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Genetica. 2006 Mar;126(3):369-75.

Gene finding on the Y: fruitful strategy in Drosophila does not deliver in Anopheles.

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  • 1Center for Tropical Disease Research and Training, Department of Biology, University of Notre Dame, 46556, Notre Dame, Indiana, USA.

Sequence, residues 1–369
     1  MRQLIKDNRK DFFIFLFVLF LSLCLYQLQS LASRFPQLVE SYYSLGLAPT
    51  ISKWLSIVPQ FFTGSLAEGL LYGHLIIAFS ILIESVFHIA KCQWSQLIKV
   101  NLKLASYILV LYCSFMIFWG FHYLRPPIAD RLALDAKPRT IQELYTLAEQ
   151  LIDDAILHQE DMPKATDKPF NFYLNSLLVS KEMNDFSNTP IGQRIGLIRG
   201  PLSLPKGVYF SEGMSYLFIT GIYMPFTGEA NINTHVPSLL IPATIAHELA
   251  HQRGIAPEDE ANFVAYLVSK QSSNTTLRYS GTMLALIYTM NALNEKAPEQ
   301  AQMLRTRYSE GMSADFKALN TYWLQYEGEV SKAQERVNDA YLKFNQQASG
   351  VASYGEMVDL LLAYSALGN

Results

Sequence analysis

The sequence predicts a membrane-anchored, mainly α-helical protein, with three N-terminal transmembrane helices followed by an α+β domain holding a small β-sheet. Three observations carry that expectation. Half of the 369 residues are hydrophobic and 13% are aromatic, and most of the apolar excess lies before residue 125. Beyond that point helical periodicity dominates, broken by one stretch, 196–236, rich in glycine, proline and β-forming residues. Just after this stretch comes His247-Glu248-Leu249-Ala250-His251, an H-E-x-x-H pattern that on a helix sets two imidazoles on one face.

The Anopheles gambiae genome project yielded almost complete sequences for the autosomes and for a large part of the X chromosome, however, no information for the Y chromosome was obtained. Yet, by design, fragmented Y chromosome sequences should be present in the resulting assembly. Here we report the search for Anopheles Y chromosome genes using a strategy successfully applied for identification of Y genes in Drosophila. A complete set of the unmapped scaffolds was targeted in a broad TBLASTN search using both A. gambiae predicted genes and all proteins from nr database as query sequences. After filtering of the BLAST report, we selected 181 scaffolds possibly containing fragments of Y chromosome genes to experimentally test their Y-linkage. Surprisingly, none of the tested sequences appeared to originate from the Y chromosome. Several factors could account for the failure to detect Y genes, including their different organization in A. gambiae compared to Drosophila and the suboptimal quality of the assembly and annotation of the Anopheles genome. Regardless of the cause, our results illuminate problems associated with the genome analysis of outbred organisms.

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